Later On

A blog written for those whose interests more or less match mine.

Archive for September 14th, 2022

He Called 911 Because His Car Was Stuck. The Cops Killed Him.

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I have to say that much of the news I read from the US is disheartening, and police in particular seem at war with citizens. Read this report.

Update. That police attitude may change. (gift link, no paywall)

Written by Leisureguy

14 September 2022 at 5:25 pm

The Smartest Book About Our Digital Age Was Published in 1929

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Back in 2017 Ted Gioia wrote a very interesting column in Daily Beast that begins:

I first read José Ortega y Gasset’s The Revolt of the Masses more than thirty years ago. I still remember how disappointed I was by this cantankerous book. I’d read other works by Ortega (1883-1955), and been impressed by the Spanish philosopher’s intelligence and insight. But this 1929 study of the modern world, his most famous book, struck me as hopelessly nostalgic and elitist.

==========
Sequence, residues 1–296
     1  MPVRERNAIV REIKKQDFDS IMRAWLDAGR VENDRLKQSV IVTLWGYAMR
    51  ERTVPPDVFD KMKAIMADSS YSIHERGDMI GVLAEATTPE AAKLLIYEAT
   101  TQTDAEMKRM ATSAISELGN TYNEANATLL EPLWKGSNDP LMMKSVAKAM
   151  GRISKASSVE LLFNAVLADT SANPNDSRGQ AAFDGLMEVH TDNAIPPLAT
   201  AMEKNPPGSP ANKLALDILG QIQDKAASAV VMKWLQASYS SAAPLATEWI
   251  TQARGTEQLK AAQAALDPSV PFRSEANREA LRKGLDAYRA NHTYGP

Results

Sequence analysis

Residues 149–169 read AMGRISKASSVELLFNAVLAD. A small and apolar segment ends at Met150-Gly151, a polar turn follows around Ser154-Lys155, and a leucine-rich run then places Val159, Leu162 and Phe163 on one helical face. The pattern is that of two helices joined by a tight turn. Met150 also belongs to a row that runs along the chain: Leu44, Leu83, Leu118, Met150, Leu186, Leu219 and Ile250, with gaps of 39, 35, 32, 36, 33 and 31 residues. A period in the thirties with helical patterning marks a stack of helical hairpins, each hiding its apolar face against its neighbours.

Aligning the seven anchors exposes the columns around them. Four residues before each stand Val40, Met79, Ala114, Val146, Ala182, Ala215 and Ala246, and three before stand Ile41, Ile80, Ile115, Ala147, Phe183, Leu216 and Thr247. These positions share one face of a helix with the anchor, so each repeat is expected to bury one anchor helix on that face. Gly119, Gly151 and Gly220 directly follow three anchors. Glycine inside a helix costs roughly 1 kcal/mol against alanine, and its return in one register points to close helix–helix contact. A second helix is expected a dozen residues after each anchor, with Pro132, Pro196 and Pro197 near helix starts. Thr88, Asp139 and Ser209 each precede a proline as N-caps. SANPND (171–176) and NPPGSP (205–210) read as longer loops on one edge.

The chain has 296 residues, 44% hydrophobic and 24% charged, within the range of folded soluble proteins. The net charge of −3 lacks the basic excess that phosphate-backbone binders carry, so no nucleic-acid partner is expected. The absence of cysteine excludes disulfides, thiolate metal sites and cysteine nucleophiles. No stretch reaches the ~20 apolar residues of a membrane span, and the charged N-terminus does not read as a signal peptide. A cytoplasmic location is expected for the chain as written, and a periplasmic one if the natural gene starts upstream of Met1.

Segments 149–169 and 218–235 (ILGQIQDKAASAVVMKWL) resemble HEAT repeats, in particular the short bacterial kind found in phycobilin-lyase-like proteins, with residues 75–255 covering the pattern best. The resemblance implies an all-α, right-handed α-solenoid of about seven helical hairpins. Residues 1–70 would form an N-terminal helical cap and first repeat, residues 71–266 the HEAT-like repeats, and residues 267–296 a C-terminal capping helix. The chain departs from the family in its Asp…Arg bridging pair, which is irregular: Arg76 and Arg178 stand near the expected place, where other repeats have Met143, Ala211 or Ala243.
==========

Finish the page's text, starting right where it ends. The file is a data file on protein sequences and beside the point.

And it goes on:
Yet I recently read The Revolt of the Masses again, and with a completely different response. The same ideas I dismissed as old-fashioned and out-of-date back in the 20th century now reveal an uncanny ability to explain the most peculiar happenings of the digital age.

Are you, like me, puzzled to learn that Popular Science magazine recently shut down comments on its website, declaring that they were bad for science? Are you amazed, like me, that Duck Dynasty is the most-watched nonfiction cable show in TV history? Are you dismayed, like me, that crappy Hollywood films about comic book heroes and defunct TV shows have taken over every movie theater? Are you depressed, like me, that symphony orchestras are declaring bankruptcy, but Justin Bieber earned $58 million last year?